Bill Gates wants to build a futuristic community in Arizona.
A group associated with a Gates investment company has invested US$80 million in a high-tech planned development outside Phoenix, according to local news publication AZ Central.
As CNBC reports, the real estate investment group Belmont Partners said that the yet-to-be-developed community on the west side of Phoenix would have a freeway running to Reno, Nevada, and would be developed around “solar power and electric distribution systems, autonomous auto testing, broadband and data centers”.
The group, controlled by Gates’ investment firm Cascade Investment, bought a stake in a 24,800-acre development in Belmont. The plan is for 80,000 homes to be built, with 3,800 acres reserved for industrial, office, and retail space, 3,400 acres of open space, and 470 acres dedicated to public schools.
It’s unclear how much Gates, the former Microsoft chief executive who owns Belmont’s parent company Cascade Investment, will be involved in the effort.
“Envisioning future infrastructure from scratch is far easier and more cost-efficient than retrofitting an existing urban fabric,” CNN reports, citing Grady Gammage, a spokesman for the investment group in a statement.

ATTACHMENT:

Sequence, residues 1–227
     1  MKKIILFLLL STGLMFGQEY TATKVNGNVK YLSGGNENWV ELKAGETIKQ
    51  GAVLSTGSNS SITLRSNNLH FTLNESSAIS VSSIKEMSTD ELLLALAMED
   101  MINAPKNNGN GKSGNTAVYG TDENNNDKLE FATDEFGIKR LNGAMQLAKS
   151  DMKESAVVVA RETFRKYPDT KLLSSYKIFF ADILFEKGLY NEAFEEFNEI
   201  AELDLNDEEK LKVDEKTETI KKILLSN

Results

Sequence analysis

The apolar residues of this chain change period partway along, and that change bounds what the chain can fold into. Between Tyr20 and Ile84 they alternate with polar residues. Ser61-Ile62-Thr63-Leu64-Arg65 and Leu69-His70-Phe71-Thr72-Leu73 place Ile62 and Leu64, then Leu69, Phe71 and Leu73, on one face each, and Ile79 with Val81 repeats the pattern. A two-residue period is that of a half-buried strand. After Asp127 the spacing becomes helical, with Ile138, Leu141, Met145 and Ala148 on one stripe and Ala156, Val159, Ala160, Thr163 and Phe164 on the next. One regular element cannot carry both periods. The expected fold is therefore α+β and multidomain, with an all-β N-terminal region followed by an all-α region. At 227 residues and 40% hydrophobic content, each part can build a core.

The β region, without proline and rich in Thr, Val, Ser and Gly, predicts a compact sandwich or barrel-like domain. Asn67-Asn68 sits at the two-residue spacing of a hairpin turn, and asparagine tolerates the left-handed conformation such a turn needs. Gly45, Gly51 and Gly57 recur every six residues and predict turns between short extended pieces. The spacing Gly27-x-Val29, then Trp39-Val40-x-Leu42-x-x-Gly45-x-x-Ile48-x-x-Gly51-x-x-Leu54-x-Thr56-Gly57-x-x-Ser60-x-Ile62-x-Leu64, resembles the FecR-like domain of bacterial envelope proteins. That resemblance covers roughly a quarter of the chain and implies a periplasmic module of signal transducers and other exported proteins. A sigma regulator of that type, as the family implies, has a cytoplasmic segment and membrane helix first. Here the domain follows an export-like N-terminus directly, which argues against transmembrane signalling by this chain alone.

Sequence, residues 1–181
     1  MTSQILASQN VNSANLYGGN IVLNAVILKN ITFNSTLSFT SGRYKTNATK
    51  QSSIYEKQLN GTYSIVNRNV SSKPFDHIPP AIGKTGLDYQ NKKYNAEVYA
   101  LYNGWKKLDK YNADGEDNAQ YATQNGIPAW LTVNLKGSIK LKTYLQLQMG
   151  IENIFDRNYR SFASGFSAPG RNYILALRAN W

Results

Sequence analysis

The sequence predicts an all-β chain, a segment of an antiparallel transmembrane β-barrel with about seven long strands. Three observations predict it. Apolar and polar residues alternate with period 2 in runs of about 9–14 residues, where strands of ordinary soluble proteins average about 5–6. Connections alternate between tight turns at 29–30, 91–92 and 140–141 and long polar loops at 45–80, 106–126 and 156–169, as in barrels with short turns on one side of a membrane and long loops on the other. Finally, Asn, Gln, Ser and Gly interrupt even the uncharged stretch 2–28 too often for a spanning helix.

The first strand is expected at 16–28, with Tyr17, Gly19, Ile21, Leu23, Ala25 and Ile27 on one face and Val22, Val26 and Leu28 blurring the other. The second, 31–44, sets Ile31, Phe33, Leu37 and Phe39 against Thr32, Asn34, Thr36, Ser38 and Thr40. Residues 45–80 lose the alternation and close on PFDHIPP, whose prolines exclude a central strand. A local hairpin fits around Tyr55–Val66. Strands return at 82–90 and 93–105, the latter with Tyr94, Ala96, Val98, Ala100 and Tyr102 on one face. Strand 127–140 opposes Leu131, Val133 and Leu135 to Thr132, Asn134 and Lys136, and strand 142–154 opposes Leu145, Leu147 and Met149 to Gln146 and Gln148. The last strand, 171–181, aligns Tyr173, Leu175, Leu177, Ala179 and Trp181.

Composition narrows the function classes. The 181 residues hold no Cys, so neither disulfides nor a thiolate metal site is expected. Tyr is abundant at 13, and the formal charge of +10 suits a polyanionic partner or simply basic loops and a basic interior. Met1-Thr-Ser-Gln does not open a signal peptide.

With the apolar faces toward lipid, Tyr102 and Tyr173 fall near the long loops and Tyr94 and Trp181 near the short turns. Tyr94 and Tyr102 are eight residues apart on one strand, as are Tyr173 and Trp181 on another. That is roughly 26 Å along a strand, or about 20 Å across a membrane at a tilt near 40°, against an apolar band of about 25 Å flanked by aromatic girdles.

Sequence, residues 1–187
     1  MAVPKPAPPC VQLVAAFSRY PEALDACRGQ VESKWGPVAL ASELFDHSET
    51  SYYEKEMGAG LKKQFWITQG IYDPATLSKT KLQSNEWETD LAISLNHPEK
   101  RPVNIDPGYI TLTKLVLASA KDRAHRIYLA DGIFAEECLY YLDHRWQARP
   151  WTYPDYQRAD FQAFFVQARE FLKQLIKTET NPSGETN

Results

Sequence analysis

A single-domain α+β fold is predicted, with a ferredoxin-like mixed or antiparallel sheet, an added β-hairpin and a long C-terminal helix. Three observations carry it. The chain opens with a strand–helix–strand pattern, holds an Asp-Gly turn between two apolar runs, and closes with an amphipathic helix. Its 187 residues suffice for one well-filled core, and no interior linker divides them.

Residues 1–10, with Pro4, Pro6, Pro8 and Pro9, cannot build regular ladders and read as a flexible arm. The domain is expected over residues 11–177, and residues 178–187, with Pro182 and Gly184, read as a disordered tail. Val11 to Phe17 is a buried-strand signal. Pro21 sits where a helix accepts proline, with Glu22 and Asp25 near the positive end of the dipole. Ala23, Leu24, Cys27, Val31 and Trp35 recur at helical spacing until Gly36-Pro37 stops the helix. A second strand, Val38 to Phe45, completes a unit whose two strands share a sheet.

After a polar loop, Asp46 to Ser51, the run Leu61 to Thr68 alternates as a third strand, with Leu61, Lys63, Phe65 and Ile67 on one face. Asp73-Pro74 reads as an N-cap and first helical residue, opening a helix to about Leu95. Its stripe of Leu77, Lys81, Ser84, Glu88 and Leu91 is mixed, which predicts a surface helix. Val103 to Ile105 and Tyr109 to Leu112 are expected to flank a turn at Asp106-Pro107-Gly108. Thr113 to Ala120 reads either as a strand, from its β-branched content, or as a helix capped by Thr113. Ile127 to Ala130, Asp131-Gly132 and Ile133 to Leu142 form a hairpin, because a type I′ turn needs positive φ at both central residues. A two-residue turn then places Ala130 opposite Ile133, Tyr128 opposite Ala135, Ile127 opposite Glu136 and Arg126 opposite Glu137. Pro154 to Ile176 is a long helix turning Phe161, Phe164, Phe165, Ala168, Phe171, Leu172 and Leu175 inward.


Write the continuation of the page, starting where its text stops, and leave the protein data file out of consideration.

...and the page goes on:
The smart city will be designed to feature high-speed networks, data centers, autonomous vehicles, new manufacturing technologies and automated logistics hubs.
Belmont will be located along the proposed freeway I-11, which would run from Reno to Mexico and connect the town to both Phoenix and Las Vegas.
Arizona has a reputation for being a technology-friendly state. Several major players in the autonomous vehicle industry — Waymo, Uber and Intel — are testing their innovations in the state.
The concept of smart cities is steadily gaining pace over recent years. Last month, Alphabet’s Sidewalk Labs struck a deal to convert an area in Toronto into an “internet city”, where 800 acres of land will be equipped with modern technology like self-driving cars, smart street lights, and public Wi-Fi. The project includes a US$50 million commitment from Sidewalk Labs to install and test the company’s smart city technology.
This article appeared in the Hong Kong Economic Journal on Nov. 15
Translation by Ben Ng with additional reporting
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